An Interview with Steven Jae Johnson, the Author of Walk, Don’t Run
You began your musical career in high school with two other friends, who became famous in their own right. Who were they?
They were my brothers in music and in life: Edward James Olmos and Joey Zagarino. Both of them were friends all through school and beyond. They give proof to the idea that life isn’t about anything other than the people in your life. It’s what matter first and foremost and always. You’ll see that in Walk, Don’t Run: Above, beyond, over, and under the music, the hijinks, the stars, and the rich and famous, it’s about friends.
How did Edward James Olmos begin singing in rock bands?
Eddie and I were in high school together in the early 1960s. Our girlfriends were best friends and we double-dated a lot. When my first band broke up with Joey Zagarino, Eddie offered me a singing position with his band, The Left Hand. We were like the Righteous Brothers and moved from Montebello to Hollywood (Gazzarri’s) to get a recording contract.
How did Edward JAMES Olmos get his middle name “James”?
Eddie’s idol at the time was James Brown and he fashioned a lot of his dancing and singing after Brown. The rest came naturally. Everyone began calling him “Eddie James” and it just kind of stuck.
How did you and Eddie go about forming The Pacific Ocean?
As we migrated to the clubs in Hollywood, we understood that we needed to be strong show guys and picked the best musicians we knew from Montebello and Monterey park and Alhambra to go along with us on our driving obsession. It clicked and worked. I don’t really recall who came up with the band’s name or why. It’s just something someone threw out there and it worked.
What was the music scene like as you played around Hollywood at such a young age?
That was the days of a flower in your hair and the whole “free love” movement going on in Hollywood. It was very wild, but in a fun way. People were changing just like the music. It was very easy for musicians to hook up with all the girls who loved the freedom of the day and of course since we were only twenty-years-old and embracing our new found popularity, we took advantage of it like any twenty-year-old would do. Even though drugs were around, we shied away from that a bit and took our kicks with chicks. Playing with The Wolfman Jack Show really was a big thing at that time and we felt like stars, which we were in that scene.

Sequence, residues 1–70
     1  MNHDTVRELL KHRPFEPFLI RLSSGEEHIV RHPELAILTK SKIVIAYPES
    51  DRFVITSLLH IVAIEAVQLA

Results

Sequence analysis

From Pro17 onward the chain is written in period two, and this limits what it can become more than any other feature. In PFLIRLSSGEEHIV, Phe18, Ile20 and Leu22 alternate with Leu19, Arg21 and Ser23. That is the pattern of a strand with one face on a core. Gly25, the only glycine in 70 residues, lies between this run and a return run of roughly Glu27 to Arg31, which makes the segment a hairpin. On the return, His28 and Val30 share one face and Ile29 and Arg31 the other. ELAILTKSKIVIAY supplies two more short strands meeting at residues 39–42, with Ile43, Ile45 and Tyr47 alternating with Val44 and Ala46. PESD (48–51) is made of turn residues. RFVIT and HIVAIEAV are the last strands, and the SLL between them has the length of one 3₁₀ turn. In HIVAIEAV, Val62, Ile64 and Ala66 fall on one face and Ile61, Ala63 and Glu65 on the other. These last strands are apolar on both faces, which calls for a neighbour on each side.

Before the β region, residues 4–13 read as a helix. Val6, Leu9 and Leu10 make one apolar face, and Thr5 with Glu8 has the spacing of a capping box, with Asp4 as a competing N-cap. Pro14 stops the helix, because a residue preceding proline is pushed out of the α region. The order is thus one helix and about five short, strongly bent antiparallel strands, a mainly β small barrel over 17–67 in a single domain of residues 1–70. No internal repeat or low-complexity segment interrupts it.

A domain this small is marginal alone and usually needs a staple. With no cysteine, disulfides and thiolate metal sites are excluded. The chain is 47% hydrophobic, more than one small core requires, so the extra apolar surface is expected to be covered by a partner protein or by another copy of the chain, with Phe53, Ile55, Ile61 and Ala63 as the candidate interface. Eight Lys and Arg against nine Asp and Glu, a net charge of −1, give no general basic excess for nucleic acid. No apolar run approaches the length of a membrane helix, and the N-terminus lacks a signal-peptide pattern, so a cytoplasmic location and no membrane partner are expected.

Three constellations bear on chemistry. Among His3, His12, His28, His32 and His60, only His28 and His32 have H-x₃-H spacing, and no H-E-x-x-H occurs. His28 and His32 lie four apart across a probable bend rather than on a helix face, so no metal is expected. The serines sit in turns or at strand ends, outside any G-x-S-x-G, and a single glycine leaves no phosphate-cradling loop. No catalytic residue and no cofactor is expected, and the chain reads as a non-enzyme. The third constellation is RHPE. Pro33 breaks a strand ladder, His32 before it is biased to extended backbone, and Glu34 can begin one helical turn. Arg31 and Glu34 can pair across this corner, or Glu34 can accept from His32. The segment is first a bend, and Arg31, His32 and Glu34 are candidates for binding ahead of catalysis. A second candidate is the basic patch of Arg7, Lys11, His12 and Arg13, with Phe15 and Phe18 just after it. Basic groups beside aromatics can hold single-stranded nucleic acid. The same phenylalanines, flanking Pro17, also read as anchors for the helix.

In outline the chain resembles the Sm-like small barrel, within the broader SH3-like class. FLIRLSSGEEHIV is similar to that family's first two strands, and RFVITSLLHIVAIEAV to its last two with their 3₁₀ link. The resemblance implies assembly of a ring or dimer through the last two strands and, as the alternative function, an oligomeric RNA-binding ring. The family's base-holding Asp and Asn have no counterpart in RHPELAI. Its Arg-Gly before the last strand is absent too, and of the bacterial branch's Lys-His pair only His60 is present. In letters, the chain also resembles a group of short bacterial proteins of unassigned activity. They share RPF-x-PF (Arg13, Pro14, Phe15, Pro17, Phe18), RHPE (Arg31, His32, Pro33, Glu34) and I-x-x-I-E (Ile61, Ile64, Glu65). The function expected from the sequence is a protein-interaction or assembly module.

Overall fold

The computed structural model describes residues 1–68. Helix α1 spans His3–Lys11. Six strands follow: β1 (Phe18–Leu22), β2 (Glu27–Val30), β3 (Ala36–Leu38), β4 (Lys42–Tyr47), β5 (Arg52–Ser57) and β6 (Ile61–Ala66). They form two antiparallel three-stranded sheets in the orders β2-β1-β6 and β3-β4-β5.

Did it scare you just to go into music and acting and leave the real world behind? What were some of the costs?
At nineteen- and twenty-years-old and being caught up in the whole music scene in Hollywood and getting paid for it every night … It honestly didn’t scare us at all. We loved it! At that age, we were thinking, “Hey! I found my way.” Losing our high school girlfriends wasn’t fun, but we had to keep the dream alive. We were having so much fun performing seven nights a week, that we knew this was was our chance to break out of the norm.
I’ve always believed we come into this world to experiences things and be of service — and those things are what I naturally do best. Now don’t get me wrong. We had to make choices, sometimes tough choices, especially about relationships. When a woman you love puts it on the line … “It’s the band or me” … There isn’t a rule book for that. But it didn’t scare me, though. The scares didn’t come until later!
What happened when you got your first record deal?
Lee Hazelwood (of “These Boots Are Made for Walkin’” fame) offered us a contract because of a song named “Holly” that I sang. Since we were a balls-to-the-wall, kick-ass, R & B band ripping our guts out on stage, the lightness of this song did not compute with the rest of the band. So we decided to go with Vance Music to do our first album. (You can hear some tunes on the book’s website — WalkDontRunTheBook.com — and you get the complete album when you get the book.) The album lead to lots of touring and radio play, particularly on the Wolfman Jack radio show and on his tour.
You were a “house band” at Gazarri’s on the Strip for a very long time. What was that like? Who were some of the people you met?
It felt wonderful to be at the center of the whole music scene then. Jim Morrisson came in several time for he had played there. We had a great meeting with Sonny Bono about shopping deals. Some of the Monkees were in. Johnny Rivers had been there for a long time before he broke and was very grateful to Bill Gazzarri. Between all the clubs from Laural Canyon Boulevard to the beginning of Beverly Hills, it was a hot bed of people and major acts coming and going as we all sharpened our performing skills.